Most people know that bats use echolocation to find prey and orient themselves in space, but did you know that bats use echolocation to communicate with each other? It turns out that there’s music in the air every night, except we can’t hear it! It’s a good thing too, because the intensity of the sound waves bats create would be deafening could we hear them. A bat’s screech, though inaudible to us, “rivals the intensity of a revved-up engine of an aircraft about to take off.”
The College Hill Independent

Accidental Greatness

In 1879, chemist Constantin Fahlberg came home from a long day of experimenting with coal tar. Upon sitting down to eat, he noticed that his dinner rolls were sweeter than usual. When they tasted unspectacularly bland to his wife, he realized the taste must have been coming from his unwashed hands. As Fahlberg noted, “I had discovered some coal tar substance which out-sugared sugar.” Fahlberg, legend has it, jumped up from the dinner table and rushed back to his laboratory, where he tasted every
Ecology Letters

Experimental predator removal causes rapid salt marsh die-off

Salt marsh habitat loss to vegetation die-offs has accelerated throughout the western Atlantic in the last four decades. Recent studies have suggested that eutrophication, pollution and/or disease may contribute to the loss of marsh habitat. In light of recent evidence that predators are important determinants of marsh health in New England, we performed a total predator exclusion experiment. Here, we provide the first experimental evidence that predator depletion can cause salt marsh die-off by
Wikipedia

Salt Marsh Die-off

Salt marsh die-off is a term that has been used in the US and UK to describe the death of salt marsh cordgrass leading to subsequent degradation of habitat, specifically in the low marsh zones of salt marshes on the coasts of the Western Atlantic. Cordgrass normally anchors sediment in salt marshes; its loss leads to decreased substrate hardness, increased erosion, and collapse of creek banks into the water, ultimately resulting in decreased marsh health and productivity.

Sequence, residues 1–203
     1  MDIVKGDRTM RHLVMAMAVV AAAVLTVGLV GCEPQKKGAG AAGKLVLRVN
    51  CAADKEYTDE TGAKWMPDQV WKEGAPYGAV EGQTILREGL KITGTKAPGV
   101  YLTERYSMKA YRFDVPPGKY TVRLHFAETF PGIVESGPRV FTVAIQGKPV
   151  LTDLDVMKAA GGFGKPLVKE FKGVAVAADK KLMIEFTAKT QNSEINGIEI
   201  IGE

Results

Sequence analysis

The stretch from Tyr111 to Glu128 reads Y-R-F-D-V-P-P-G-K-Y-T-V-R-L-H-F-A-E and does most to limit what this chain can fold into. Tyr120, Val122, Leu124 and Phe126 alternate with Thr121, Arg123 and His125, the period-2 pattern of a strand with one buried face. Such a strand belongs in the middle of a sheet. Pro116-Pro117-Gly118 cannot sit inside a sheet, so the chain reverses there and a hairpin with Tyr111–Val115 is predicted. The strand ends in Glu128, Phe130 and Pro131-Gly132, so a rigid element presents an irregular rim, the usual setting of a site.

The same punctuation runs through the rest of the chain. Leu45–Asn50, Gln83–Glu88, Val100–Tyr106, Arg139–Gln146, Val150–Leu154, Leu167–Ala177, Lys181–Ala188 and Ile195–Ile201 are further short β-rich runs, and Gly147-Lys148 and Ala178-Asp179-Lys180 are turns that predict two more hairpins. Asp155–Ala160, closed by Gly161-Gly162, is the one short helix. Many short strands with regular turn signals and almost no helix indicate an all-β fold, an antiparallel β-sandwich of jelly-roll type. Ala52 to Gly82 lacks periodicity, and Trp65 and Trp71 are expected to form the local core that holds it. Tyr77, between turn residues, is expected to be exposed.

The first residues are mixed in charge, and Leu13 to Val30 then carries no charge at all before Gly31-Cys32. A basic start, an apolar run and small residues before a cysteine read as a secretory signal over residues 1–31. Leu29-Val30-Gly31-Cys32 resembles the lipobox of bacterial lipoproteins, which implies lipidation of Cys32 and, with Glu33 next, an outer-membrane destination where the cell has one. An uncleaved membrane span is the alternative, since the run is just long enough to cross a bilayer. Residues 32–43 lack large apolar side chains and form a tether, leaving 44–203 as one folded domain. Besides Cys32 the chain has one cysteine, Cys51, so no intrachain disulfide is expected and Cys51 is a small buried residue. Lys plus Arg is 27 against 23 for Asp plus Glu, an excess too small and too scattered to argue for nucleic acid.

This I Believe Rhode Island: Salt Marshes

Have you noticed how easy it is to overlook the profound importance of nature's subtle features?  For example, how teeny lady bugs have a major impact on crop production in agriculture.  Or how common tree leaves enable light and carbon dioxide to be absorbed from the environment for photosynthesis.  It sure does help to slow things down and notice how much nature's less obvious forms do for us in our daily lives.  And that's what we hear from Elena Suglia. Born and raised in North Kingstown, R
Behind the Science Newsletter

How do You Teach a Melting Pot? Blend it Up!

Kenji O’Brien always knew he wanted to teach.  Since graduating from Brown in 2009 with a Sc.B. in Human Biology, he has immersed himself in experiences to increase his understanding of what it means to help people learn. Because helping people learn, rather than “teaching them,” is a better way to look at education, Kenji believes. After graduating, Kenji spent 8 months teaching English classes in a small rural Chilean town of six thousand.  For many people there, he was the first American th